I am sorry about your adult sons lack of progress. My own experience and strong belief is that coddling a 30 year old heroin addict encourages the addict to stay one. So what if its cold outside. He can choose to go to rehab or a shelter and he can get a coat from the shelter. I volunteered at a shelter. We offered a warm place to sleep, food, and donated coats/hats/gloes/boots. But tjose eho stayed could not use or be obviously high.

You need to see son as a grown man, who can die one night because of heroin addiction if he wont change. Just.Like.That.

A few things bother me. I give my two cents with concern, not anger. One issue is that you are still giving him cash, apparently not realizing yet that any dollar you give a heroin addict will go to drugs. Your money could be the $$ that buys him a fatal dose. No cash. Ever. At least that is in my opinion.

Another worrying issue you brought up is your other son who should not have to deal with his addict brother. It has to be traumatic. And it's a bad influence for a young man.

Your house should be a sanctuary for all of you.

Thirdly I am appalled that a heroin addict DRIVES his little children anywhere. Why is he even allowed to drive? Why let him drive his babies? Why is he even around them? To me, this is fangerous and a bad omen for the future.

The family dynamics to me seem to be all about the addict's comfort first with you, younger son and son's babies all sacrificing their lives to make sure addict doesnt get his feelings hurt or doesnt feel cold air. And he is 30, not 13. And he is a danger to all. Heroin addicts have unsavory associates. They have to hang with dangerous people to get the drugs. And he could also sell. Most who use also sell.

My opinion? He has no business in your house, exposing all of you to possible retaliation from bad associates, risking younger son or you finding him OD'd again, and setting a gruesome example of a father to his littles. And driving a car. I could be wrong here, but my guess is that shooting up and driving is at least as trecherous as being totally drunk and driving...or even MORE dangerous. And he drives his kids????? Why is he given the keys? He doesnt work. He cant own a car. Please dont give him your keys. He could kill himself and anyone he drives in his car or a stranger he crashes into.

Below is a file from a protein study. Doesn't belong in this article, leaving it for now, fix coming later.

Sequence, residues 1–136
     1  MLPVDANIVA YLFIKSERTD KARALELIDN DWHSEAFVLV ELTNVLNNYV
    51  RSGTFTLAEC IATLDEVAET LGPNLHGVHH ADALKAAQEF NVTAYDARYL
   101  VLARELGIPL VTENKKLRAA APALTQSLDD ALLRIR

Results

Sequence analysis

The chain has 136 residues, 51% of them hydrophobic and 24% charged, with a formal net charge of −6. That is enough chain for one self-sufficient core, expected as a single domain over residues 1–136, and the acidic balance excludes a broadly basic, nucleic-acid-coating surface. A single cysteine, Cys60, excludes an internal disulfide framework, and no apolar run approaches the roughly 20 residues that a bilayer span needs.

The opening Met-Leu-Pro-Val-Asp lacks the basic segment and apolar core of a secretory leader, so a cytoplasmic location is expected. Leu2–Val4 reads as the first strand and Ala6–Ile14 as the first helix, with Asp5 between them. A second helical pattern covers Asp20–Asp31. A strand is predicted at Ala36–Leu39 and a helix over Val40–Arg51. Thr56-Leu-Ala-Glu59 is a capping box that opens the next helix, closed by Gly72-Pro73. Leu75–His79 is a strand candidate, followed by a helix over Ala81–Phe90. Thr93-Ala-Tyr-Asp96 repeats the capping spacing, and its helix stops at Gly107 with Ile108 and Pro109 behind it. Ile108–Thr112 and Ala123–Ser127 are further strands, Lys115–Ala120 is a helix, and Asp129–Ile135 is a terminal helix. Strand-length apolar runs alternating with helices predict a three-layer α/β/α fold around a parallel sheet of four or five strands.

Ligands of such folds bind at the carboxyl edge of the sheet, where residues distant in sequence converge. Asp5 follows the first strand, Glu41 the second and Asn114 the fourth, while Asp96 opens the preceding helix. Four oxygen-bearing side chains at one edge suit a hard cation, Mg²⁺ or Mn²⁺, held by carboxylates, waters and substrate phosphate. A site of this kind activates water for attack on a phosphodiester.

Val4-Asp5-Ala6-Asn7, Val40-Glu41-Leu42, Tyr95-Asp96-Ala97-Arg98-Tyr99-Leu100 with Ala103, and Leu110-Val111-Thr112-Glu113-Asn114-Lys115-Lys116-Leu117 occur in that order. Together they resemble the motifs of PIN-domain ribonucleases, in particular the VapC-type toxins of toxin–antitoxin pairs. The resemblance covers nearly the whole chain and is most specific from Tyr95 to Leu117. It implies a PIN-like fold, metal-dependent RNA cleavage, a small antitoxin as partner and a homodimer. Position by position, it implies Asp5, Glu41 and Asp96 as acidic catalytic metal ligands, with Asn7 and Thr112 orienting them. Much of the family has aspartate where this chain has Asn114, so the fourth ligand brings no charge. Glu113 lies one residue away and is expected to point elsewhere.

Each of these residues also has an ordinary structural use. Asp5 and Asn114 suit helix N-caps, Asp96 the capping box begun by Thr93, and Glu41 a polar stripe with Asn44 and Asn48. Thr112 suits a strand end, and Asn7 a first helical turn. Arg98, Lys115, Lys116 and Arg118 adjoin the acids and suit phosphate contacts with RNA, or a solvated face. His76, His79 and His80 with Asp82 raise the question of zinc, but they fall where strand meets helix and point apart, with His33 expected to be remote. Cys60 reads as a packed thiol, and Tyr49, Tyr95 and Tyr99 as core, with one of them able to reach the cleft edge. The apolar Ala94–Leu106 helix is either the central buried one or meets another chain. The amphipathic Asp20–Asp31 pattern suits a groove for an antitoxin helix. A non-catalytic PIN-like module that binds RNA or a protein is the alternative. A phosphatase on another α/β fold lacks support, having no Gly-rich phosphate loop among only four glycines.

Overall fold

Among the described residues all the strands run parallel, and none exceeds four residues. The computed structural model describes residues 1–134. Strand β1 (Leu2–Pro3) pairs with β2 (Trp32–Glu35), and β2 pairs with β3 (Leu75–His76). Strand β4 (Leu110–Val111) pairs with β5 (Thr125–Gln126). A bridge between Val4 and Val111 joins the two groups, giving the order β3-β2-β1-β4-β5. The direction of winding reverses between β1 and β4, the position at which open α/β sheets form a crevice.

I am sorry. I dont believe others should suffer due to an addict's refusal to quit. This is my opinion, which may not be shared by all, and that is that he should not be around the rest of the family, especially children. I was tough on my daughter and she quit twelve years ago. Coddling her just made her more comfortable while she loaded up with drugs. I didnt want her to die and could see it happening if hub and I did not take a huge risk. So we made her leave at 19...hearbreaking for all. I cried until i couldnt anymore. But we didnt give up and for her it worked.
Plus my littles were scared of her when she was high.

This wont work for all, but enabling never works....ever.

Please protect your younger son and the grands. Tell him to leave, cold or not, until he does the hard work needed to get clean. He is already 30. I feel the age matters. He is now an addict and a grown man. Do you want him to be 40 and an addict or maybe dead?

Please....nothing changes unless tou change it. Your son needs to be cold, hungry, miserable, lonely...or he will never get clean. It is hard to quit. They need tremendous motivation to change things.

You, hon, also need peace.

I do not mean to be harsh. I do tend to speak my mind.

Hugs and so much love to all involved!


Active Member
Thanks for all your replies and common sense, which I seem to lose sight of at times. I told my husband that we need to set up some new boundaries, and we both agreed that we won't house him while he's still using and not seeking help. It's affecting all of us with the stress, etc. On a more hopeful note, my son told me that he is going to the organization today that offers housing, job support, and drug treatment. I now think he might have actually gone there the other day as he said they requested some documentation from his doctor, and he did have some brochures from them.

SWOT, your advice and observations are spot-on, though not always easy to hear. I appreciate your time spent helping me see things more clearly. Crayola and LBL, the support is likewise appreciated. Will keep you all updated.


Well-Known Member
I was afraid to give that feedback!! I dont want to be seen as a biotch and trust me it is easier to see anothers situation than your own! I was a sniffling pile of nothing after I had my daughter leave. I could not eat, sleep, function. But she did it!!!

I just want your family to be safer, and your son motivated to quit. I wish only the best for everyoe here.